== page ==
Weekends are the perfect time to prepare the
unhurried foods of winter—sweet-potato and creamy
broccoli soups, standing rib roasts and warm garlic
spinach spread, cheesecakes and roasted vegetables,
scampi risotto and warm Brie. This is when you can
slow down to spend some leisurely time in the kitchen.
Fill your cupboards with foods that instantly
add depth to any meal—canned tomatoes, rice,
lentils, dried peas and beans, and pastas. Make rich,
flavorful stocks for risottos and soups.
Bring on the desserts. They don’t have to be
complicated, just good. James Beard, the master of
good food and taste, once expressed his fondness
for a dessert that was nothing more than roasted
bananas topped with butter, brown sugar, rum
and vanilla ice cream.
Winter can be fierce. Winter can be
chilly. Winter can be dark. And winter can be
wonderful. It’s all in how you approach it.
One of the best ways we know to see the
wonders of this most beautiful season is
through good food and good friends—
whether it be a festive buffet with an edible
centerpiece, a luxurious holiday dinner or the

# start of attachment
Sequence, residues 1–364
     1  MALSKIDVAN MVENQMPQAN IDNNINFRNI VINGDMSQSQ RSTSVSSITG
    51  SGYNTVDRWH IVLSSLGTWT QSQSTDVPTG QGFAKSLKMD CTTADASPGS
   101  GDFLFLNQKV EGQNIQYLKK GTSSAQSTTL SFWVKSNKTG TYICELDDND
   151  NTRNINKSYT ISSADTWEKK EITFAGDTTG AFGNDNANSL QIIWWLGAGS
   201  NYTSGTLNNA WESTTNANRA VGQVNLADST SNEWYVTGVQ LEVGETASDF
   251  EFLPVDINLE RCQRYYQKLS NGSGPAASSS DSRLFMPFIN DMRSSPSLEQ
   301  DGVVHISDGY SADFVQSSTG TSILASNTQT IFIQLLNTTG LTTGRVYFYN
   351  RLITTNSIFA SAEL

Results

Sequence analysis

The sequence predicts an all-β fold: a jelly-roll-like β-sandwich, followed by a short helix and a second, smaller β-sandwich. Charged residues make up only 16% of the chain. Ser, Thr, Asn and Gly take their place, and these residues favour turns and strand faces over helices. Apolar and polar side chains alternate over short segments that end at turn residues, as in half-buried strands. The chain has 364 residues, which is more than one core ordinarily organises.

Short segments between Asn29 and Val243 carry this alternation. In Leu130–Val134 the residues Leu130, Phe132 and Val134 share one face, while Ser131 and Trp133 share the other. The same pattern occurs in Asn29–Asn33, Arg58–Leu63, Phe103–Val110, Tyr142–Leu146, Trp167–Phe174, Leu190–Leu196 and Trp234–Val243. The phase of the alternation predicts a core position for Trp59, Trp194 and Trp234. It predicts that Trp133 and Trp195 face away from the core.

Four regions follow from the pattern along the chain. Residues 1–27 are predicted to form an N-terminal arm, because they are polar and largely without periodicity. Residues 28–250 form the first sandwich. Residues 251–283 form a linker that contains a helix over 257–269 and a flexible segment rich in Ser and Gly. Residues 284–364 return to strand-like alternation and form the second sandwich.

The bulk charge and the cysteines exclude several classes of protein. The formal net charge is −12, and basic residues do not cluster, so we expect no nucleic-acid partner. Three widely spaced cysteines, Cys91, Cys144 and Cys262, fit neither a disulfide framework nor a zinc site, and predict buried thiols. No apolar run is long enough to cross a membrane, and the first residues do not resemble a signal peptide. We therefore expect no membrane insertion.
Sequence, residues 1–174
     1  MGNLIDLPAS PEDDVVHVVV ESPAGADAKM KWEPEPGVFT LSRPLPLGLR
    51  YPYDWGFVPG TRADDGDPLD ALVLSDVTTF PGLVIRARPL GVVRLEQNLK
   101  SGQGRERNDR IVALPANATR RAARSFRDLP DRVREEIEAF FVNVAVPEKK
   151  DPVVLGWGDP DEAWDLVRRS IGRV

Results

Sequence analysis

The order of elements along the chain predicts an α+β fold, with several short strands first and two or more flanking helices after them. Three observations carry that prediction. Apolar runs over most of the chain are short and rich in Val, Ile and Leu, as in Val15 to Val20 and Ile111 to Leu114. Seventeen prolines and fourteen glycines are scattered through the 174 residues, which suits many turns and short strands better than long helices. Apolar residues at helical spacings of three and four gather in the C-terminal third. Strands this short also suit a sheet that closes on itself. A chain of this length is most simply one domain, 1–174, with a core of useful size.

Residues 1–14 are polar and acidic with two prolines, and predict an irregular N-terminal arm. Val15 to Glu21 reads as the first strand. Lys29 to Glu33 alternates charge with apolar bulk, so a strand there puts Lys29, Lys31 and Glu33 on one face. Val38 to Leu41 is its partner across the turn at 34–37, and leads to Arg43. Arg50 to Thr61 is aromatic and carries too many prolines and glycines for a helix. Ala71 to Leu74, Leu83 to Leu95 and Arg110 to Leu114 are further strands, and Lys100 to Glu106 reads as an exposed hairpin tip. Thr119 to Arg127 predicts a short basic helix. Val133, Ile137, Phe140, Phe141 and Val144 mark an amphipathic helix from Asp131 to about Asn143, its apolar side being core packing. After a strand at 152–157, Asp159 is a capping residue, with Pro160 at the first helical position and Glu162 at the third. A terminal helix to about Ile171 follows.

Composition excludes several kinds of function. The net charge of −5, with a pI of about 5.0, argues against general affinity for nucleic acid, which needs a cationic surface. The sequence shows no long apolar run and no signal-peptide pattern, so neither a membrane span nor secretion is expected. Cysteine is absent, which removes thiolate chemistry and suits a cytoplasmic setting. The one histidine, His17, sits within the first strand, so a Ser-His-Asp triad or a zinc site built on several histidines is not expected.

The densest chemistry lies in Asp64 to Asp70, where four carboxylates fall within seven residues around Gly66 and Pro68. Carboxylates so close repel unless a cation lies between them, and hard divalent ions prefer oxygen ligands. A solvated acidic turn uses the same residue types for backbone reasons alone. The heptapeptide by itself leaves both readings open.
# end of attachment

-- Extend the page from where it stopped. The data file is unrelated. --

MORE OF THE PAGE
gathering of friends to watch a bowl game,
eat Italian or be warmed by the fire.
Layered Decorating Elegance
The multi-layered decorating approach that was
started in autumn is continued, but now in a much
grander fashion. We suggest embellishing nature’s
colorings with gold, bronze or silver.
Try metal leafing; it’s easy. Inexpensive kits can
be found in most craft shops, but be forewarned
that once you get a taste for gilding, you may never
want to stop. If gilding seems like too much work,
there are also jars of rubbing gel in every color
imaginable. While not as showy, they definitely are
an easy way to lend a hint of elegance to evergreens,
pinecones, nuts, vegetables, fruits and dried flowers.
Just remember that whatever you gild or rub with
color is no longer edible. For a festive look, nestle
inexpensive tiny white lights among the decorations,
and add that unexpected splash of color with
gorgeous red poinsettias. (Costco brings in 10-inch
poinsettias, two-gallon rosemary cones and 25-foot
cedar garlands for the holiday season.)
Once the New Year’s celebrations are over,
remove all fall decorations and start with a clean
slate. The goal is an elegant simplicity that fights
the gloom of winter, which is why we suggest
filling your home with vibrant blooming plants.
(Costco’s phalaenopsis and cymbidium orchids are
breathtaking and available during this season.)